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Re-examining the Breast Self-Exam

by Berkeley Wellness  

For the past half century, women have been encouraged to perform a monthly breast self-exam—and may feel remiss or even guilty if they don’t do it faithfully. You may have been given pamphlets to read, videos to watch, and a card to hang in the shower—or even hands-on instruction courtesy of a silicone breast model with hidden lumps to feel for.

But what’s the evidence that this monthly ritual helps in early breast cancer detection and actually saves lives? You may be surprised to know it’s actually slim to nil.

Where’s the proof?

In its last update in 2009, the U.S. Preventive Services Task Force—an independent panel of experts that makes evidence-based health recommendations for the government—advised against clinicians teaching breast self-examination. It cited evidence suggesting that the exams do not reduce breast cancer deaths and some evidence that they cause harm. The harm includes false alarms, which can lead to unnecessary procedures (notably more biopsies of benign lesions) and extra worry.

For example, a large U.S. study in the Journal of Cancer Education in 2006 found that women who did breast self-exams had more unnecessary diagnostic mammograms; and for those diagnosed with breast cancer, breast self-exam performance did not correlate with reduced severity of the disease. Breast self-exam “did not show any advantages with respect to tumor outcomes,” the authors concluded.

The Canadian Task Force on Preventive Health Care similarly recommends against breast self-exams (a reversal of its earlier position), additionally citing evidence linking it to increased anxiety and depression. Some other health authorities, including the American Cancer Society, have taken a more neutral position, saying that women can choose to do breast self-exams occasionally or not at all, after being informed of the benefits and limitations.

Raising awareness

Instead of formal step-by-step breast self-exams in which you regularly and methodically search for lumps, the shift of late has been toward “breast self-awareness.” This approach simply encourages women to be mindful of what their breasts normally look and feel like so they can inform their health care providers if they detect any changes. Favored by the American College of Obstetricians and Gynecologists and the National Comprehensive Cancer Network, this can be done by checking your breasts as you go about your normal activities, such as when showering or dressing—but it doesn’t have to be done in any specific way or at any specific time of the month.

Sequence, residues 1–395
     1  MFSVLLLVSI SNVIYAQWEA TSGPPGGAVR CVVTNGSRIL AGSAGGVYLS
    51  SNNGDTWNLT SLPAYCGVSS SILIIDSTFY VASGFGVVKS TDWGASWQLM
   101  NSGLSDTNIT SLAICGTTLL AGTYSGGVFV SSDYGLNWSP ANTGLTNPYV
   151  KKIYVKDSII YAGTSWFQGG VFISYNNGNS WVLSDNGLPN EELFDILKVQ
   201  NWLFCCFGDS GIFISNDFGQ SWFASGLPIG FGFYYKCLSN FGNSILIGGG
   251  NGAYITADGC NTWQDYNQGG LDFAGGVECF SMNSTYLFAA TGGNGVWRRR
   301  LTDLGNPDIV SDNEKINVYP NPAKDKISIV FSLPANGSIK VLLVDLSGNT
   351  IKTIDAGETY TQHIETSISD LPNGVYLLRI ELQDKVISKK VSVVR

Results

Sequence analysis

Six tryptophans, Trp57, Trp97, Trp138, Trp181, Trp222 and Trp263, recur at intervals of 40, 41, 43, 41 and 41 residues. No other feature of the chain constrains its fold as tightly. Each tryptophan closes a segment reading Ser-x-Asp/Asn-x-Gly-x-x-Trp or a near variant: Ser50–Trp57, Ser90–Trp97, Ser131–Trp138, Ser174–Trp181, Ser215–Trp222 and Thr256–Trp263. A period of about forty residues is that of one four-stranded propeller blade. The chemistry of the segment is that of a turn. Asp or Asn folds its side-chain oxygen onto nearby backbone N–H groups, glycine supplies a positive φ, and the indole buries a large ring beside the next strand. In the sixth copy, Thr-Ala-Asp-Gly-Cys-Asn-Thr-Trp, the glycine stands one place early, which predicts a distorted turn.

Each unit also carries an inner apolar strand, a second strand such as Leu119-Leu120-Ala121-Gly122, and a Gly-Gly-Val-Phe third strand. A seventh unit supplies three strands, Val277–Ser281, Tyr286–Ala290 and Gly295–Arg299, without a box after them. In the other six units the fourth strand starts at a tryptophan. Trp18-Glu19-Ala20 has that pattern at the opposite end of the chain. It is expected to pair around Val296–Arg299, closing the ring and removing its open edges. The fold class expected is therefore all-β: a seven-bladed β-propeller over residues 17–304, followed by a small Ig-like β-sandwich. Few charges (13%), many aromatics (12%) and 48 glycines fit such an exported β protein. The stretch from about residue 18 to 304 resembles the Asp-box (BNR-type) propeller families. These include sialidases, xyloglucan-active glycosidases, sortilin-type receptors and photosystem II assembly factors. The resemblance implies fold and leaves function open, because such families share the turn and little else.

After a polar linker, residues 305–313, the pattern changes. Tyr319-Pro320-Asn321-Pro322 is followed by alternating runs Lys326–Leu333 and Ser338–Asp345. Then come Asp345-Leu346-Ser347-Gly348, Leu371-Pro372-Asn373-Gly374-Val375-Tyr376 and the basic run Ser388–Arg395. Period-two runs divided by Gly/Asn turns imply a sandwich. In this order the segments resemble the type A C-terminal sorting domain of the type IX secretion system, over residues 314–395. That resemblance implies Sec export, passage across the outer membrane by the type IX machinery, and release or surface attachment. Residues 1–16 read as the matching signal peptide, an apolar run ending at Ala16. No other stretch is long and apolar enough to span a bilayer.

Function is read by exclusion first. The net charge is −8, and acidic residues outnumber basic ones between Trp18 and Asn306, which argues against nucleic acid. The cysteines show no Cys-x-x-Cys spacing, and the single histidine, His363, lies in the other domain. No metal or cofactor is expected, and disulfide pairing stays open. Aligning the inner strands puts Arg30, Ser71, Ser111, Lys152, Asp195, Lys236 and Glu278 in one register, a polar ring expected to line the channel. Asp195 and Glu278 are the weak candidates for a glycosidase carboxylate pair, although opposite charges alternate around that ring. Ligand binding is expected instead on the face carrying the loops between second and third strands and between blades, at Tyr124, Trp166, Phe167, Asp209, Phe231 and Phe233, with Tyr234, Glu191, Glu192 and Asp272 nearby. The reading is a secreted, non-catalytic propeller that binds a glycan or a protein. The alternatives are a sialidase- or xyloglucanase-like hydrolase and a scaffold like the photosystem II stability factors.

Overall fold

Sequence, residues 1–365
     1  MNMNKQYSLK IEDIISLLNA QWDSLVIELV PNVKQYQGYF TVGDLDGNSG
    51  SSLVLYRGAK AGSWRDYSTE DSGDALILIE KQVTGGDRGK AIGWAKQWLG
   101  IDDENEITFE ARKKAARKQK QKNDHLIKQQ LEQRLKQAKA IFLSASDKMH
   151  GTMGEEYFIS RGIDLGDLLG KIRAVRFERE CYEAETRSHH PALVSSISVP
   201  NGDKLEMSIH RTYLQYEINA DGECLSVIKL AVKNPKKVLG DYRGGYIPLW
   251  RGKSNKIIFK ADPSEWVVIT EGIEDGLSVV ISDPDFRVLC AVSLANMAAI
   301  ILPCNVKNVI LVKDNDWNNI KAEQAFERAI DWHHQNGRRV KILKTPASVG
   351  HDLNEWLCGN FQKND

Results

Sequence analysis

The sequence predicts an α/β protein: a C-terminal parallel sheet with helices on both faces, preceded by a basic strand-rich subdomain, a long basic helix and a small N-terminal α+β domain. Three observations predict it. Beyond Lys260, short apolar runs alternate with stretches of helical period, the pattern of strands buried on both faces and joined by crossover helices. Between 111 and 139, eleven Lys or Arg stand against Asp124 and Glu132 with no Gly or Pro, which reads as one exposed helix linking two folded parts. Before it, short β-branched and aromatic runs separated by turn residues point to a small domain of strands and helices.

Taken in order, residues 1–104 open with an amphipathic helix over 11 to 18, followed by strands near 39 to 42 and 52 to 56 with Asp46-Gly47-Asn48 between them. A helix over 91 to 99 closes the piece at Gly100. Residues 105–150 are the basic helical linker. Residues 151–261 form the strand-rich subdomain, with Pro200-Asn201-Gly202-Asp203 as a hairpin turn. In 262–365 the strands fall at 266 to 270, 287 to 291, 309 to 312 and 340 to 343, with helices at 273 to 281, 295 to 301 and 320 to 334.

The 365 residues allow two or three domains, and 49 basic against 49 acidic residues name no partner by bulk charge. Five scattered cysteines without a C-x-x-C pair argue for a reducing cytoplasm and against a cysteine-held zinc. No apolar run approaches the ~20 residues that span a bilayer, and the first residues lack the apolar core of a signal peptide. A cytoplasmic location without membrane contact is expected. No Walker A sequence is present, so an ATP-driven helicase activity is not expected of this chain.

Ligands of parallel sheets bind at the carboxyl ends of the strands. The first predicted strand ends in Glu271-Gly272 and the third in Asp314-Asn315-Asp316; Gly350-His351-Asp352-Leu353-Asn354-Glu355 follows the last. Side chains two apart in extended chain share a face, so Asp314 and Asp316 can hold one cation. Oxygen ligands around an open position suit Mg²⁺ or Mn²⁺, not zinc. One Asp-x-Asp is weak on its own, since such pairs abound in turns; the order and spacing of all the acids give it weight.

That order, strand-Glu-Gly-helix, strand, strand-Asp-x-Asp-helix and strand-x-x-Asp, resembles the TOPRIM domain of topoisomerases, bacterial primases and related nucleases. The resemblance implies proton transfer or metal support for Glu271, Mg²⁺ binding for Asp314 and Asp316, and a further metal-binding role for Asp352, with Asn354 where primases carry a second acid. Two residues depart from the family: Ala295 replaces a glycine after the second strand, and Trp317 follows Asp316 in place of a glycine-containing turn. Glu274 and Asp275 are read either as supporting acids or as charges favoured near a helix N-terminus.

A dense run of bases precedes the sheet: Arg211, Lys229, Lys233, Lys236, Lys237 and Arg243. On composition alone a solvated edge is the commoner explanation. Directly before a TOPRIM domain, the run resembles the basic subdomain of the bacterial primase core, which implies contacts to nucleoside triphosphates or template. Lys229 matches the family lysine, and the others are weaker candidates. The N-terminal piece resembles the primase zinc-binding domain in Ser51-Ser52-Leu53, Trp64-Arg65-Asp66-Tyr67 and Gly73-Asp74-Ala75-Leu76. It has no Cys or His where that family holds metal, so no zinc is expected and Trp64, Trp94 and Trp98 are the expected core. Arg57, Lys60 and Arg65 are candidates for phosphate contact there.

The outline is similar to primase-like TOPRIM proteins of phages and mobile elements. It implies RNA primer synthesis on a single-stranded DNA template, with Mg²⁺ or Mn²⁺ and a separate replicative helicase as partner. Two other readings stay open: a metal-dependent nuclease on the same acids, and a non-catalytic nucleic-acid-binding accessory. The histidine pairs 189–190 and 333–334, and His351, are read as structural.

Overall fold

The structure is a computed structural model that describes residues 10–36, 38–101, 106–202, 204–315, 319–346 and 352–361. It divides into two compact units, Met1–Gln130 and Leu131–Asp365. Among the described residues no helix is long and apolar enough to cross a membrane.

Some women may feel more comfortable with this more relaxed style—but it is not without criticism either. First, it’s not really clear how a woman is supposed to develop “self-awareness” without doing a lot of feeling around, as she would with a formal breast self-exam. In fact, some organizations say women can include breast self-exams as part of breast self-awareness.

And though breast self-awareness is meant to empower women to take charge of their own health, a commentary in Obstetrics & Gynecology in 2014 concluded that “much like its more clearly defined predecessor, breast self-examination, breast self-awareness is being implemented and promoted without any evidence or known benefits.”

Getting clinical

If this leaves you befuddled about what to do, you’re not alone. Even health care providers vary in their views and practices. A survey in the Journal of Healthcare Quality in 2013 reported that more than half of OB-GYNs did not know that there were recommendations against teaching routine breast self-exams. And about half said they would recommend such exams to most women in their practices and would teach a specific technique.

Keep in mind also that the recommendations regarding breast self-exams have nothing to do with clinical breast exams done by health care providers as part of most women’s routine checkups. Even here, though, there is no universal agreement. The U.S. Task Force says the effectiveness of clinical breast exams has not been adequately proven, but many organizations recommend them (with varying schedules).

The general consensus is that clinical breast exams are an option, but should not replace mammography, which, despite its own shortfalls, remains the best breast cancer screening tool available. Some research shows that combining mammography with clinical breast exams detects more cancers than mammography alone.

It’s your choice

When it comes to keeping abreast of your breasts, do whatever you feel most comfortable with—whether that means doing regular step-by-step self-exams or simply practicing breast self-awareness. If you choose to do breast self-exams, be sure to get proper instruction from a qualified health care provider. Two good online resources are the American Cancer Society and BreastCancer.org.

What’s most important is to promptly notify your health care provider if you notice any changes in your breasts. That includes any reddening, darkening, or swelling of the breast, puckering of the skin, scaliness or sores on the nipple, new pain in one spot that persists, nipple discharge or inversion, or, of course, any lump or thickening in the breast or armpit.

If you want to forgo any kind of self-examination, that’s okay too, as long as you get regular clinical exams—which we think all women should have, whether they do self-exams or not. Also key is to discuss other breast cancer screening methods—notably mammography—with your health care provider. Keep in mind that screening recommendations for women at increased breast cancer risk (because of family history, for instance) differ from those for women at average risk.